Still, because I grew up in New York and had lots of friends with summer cottages on the lake, I get it, at a certain level. Anyway, the story is about next-door-neighbors on the island: two sisters and the boy-next-door. It's not what you think: the sisters don't fight over the boy. It's a more complicated relationship among the three, and I think it all made sense in the end. I think. It wasn't all terribly clear, and I was really more drawn into the story of Alice and Paul and not so much the story of Alice's sister, Riley, who lacked any depth but had a rather major role.

While not a perfect book and certainly not a literary masterpiece, this is definitely perfect when you are in the mood for something kinda sappy, pretty sweet, and a little sad.

Friday, June 20, 2014

Book Review: The Last Girls

 I've had The Last Girls on my TBR list forever, and I grabbed a nice hardback copy at a used book store's "bargain books" aisle a couple of weeks ago.

Lee Smith never disappoints. She's a southern writer who never succumbs to southern clichés, who paints characters with such vivid details that I think I know the person in real life.

So, this novel made me kinda jealous that I never thought of doing this in a million years. I like adventure, theoretically now anyway but certainly in reality when I was 22. In her real life, Lee Smith and a dozen of her friends took a raft trip down the Mississippi River, Huckleberry Finn-style, upon their college graduation. How amazing is that? They really did it!

This fictionalized account takes the trip a step further: 35 years later, the women reunite and take the same trip, except this time on a steamboat, so that they can sprinkle the ashes of Baby Ballou into the river. Baby had been the wildest one in the bunch, and the friends all assume she committed suicide at the end. But who was Baby, really?

The novel focuses on five of the women, reflecting on who they were back in college and who they are now. I really loved this because I am often amazed at how little I think I know my best girlfriends from college now, 25 years later, even though we've kept vaguely in touch and claimed to be absolute soulmates back then and for a decade after. But really, we were still in the early stages of formation back then, figuring out who we were and who we were to become.

Smith's characters might be a bit typecast: the lonely librarian, the mysterious romance writer, the unhappy rich southern belle, the wild Sylvia Plath-like girl, but I didn't care at all. I love stories that wrap up nicely and have hopeful endings, and I especially love how Smith takes unformed college girls and shoots them 35 years into their future. This was a perfect summer read, and I need to go back and see if I've missed any of Smith's other novels.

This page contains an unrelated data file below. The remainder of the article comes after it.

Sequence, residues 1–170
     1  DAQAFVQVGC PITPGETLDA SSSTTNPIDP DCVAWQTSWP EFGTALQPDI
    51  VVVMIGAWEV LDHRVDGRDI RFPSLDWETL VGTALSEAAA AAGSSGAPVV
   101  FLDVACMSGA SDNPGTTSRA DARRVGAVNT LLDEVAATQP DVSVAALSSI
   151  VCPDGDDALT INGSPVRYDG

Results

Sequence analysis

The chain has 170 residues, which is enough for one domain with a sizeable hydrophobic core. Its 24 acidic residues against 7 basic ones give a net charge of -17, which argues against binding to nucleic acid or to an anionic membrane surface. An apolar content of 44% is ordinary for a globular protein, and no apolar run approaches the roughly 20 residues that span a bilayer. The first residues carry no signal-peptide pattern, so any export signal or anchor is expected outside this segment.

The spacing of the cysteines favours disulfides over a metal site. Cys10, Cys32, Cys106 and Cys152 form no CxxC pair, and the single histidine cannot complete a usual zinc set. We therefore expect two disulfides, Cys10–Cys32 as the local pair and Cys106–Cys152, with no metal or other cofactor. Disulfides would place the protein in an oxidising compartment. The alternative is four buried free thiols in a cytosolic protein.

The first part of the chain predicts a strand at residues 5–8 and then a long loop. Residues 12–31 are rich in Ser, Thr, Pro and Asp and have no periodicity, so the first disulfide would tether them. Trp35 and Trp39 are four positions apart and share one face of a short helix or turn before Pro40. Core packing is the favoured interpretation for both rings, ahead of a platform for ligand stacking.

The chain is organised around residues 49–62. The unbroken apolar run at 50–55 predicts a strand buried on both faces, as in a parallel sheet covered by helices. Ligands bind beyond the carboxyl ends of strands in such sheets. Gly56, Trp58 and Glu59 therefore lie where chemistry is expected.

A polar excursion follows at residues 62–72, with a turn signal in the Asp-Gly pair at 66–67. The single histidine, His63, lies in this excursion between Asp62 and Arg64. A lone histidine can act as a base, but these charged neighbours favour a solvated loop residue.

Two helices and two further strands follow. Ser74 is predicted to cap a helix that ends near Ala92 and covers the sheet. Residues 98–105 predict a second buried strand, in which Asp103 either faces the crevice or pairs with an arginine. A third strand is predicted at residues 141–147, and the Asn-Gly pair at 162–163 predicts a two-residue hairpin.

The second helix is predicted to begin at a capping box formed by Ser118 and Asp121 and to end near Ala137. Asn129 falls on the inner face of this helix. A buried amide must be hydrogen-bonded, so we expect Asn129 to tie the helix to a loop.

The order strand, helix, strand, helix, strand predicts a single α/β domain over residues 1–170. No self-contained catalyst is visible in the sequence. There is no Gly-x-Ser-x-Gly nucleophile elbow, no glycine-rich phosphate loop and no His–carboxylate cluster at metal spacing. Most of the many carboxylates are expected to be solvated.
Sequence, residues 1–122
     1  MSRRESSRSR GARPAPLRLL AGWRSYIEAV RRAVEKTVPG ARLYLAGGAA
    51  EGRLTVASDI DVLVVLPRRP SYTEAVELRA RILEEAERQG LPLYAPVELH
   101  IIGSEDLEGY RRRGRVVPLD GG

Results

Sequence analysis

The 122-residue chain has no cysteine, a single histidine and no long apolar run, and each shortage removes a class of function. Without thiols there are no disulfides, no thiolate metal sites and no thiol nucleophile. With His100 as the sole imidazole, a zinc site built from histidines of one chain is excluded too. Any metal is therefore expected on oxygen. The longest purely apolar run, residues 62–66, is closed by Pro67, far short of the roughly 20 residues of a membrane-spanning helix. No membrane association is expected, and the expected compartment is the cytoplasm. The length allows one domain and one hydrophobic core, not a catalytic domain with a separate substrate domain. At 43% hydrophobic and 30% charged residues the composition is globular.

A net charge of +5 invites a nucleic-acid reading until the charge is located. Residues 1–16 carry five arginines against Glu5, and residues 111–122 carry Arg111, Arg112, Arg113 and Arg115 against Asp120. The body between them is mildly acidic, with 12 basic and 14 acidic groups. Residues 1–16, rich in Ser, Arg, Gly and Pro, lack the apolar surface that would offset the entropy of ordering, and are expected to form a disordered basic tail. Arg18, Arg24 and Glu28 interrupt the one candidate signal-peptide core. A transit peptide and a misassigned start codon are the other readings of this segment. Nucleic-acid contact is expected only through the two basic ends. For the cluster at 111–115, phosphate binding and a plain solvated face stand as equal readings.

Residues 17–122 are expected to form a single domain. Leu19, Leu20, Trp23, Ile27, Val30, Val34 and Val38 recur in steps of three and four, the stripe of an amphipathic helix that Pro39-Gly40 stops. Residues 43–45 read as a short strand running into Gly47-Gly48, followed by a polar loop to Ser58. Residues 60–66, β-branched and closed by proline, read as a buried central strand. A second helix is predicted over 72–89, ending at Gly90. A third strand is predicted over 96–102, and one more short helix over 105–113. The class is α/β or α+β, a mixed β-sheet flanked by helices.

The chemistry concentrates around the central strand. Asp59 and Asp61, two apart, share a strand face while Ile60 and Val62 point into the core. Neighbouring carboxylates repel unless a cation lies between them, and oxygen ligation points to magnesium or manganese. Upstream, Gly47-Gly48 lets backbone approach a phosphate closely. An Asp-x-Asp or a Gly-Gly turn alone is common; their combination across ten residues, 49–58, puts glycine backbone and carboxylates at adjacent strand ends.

Tuesday, June 10, 2014

Ever-Growing TBR List (2014)




*Indicates books added in 2014

*41 False Starts: Essays on Artists and Writers by Janet Malcolm
* Alena by Rachel Pastan
An Altar in the World: A Geography of Faith by Barbara Brown Taylor
* Americanah by Adichie.
Annie's Ghosts: A Journey into a Family Secret by Steve Luxenberg.
Aprons on a Clothesline by T. DePree
Arctic Dreams
by Barry Lopez
The Art of Hearing Heartbeats by Jan-Philipp Sendker
Autobiography of a Recovering Skinhead: The Frank Meeink Story as Told by Jody M. Roy, Ph.D. (reviewed at Musings of a Bookish Kitty)
*The Baker's Daughter by Sarah McCoy 
Barefoot in Baghdad by Manal M. Omar (reviewed at Bookworm's Dinner)
Before the Storm by Diane Chamberlain
The Beginner's Goodbye by Anne Tyler
Behind the Beautiful Forevers: Life, Death, and Hope in a Mumbai Undercity by Katherine Boo (read and reviewed 3/14)
Behind the Burqa by Sulima and Hala (reviewed by Semicolon)
* Bellman & Black: A Ghost Story by Diane Setterfield.
Blackberry Winter by Sarah Jio
Blood Hollow by W. Krueger
Blood of Flowers
by A. Amirrezvani
Blood Work
by M Connelly
* Booked: Literature in the Soul of Me by Karen Swallow Prior.
Book of a Thousand Days by S. Hale (reviewed on Semicolon and Maw Books)
Book of Lost Things by J. Connelly
* The Book of Unknown Americans by Cristina Henriquez
Bootletter’s Daughter by M. Maron
Born on a Blue Day by D. Tammet (reviewed on Sam’s Book Blog)
* China Dolls by Lisa See
*Cider with Rosie by Laurie Lee. 
Clair de Lune by Jetta Carleton (read and reviewed 1/14)
Close Your Eyes by Amanda Eye Ward
Coming Up for Air by Patti Callahan Henry
Commoner by J.B. Schwarz
Confessions of a Common Reader by Anne Fadiman
A Country Doctor’s Casebook by R. MacDonald
The Dawning of the Day: A Jerusalem Tale by Haim Sabato
Departed, The by K. Mackel
Digging to America by Anne Tyler
Dinner with a Perfect Stranger by D. Gregory
Dough: A Memoir by Mort Zachter (reviewed by Lisa at 5 Minutes for Books)
Dry Grass of August by Anna Jean Mayhew (read and reviewed 3/14) 
* Ecology of a Cracker Childhood (The World As Home) by Janisse Ray.
Every Last One by Anna Quindlen (Reviewed at S. Krishna's Books)
Executioner's Song by Mailer
Extraordinary Journey of a Desert Nomad by Waris Darie (reviewed at Maw Books)
Far to Go by Alison Pick (Reviewed by Kristina at The Book Keeper)
Family Nobody Wanted by Doss
Fatal Vision by J. McGinnis
Father, Mother, God: My Journey Out of Christian Science by Lucia Greenhouse
First Wife by Emily Barr (recommended by Fleur Fisher)
Flowers by D. Gilb
Fortune Cookie Chronicles by J. Lee
Franklin and Lucy by Joseph Persico
Gentle Rain by Deborah Smith (reviewed by Leah at Good Reads)
Ghost Map
by S. Jackson
Ghost Moth by Michele Forbes 
Ghost Writer, The by J. Harwood
The Girl in the Italian Bakery by Kenneth Tingle
The Girls by Lori Lansens
Giving Up the Ghost by Hilary Mantel
Glimpses of the Moon by Edith Wharton
* Glow by Jessica Maria Tuccelli:
* The Goldfinch by Donna Tartt
* Gone Girl by Gillian Flynn
* The Good Lord Bird by James McBride
* Guests on Earth  by Lee Smith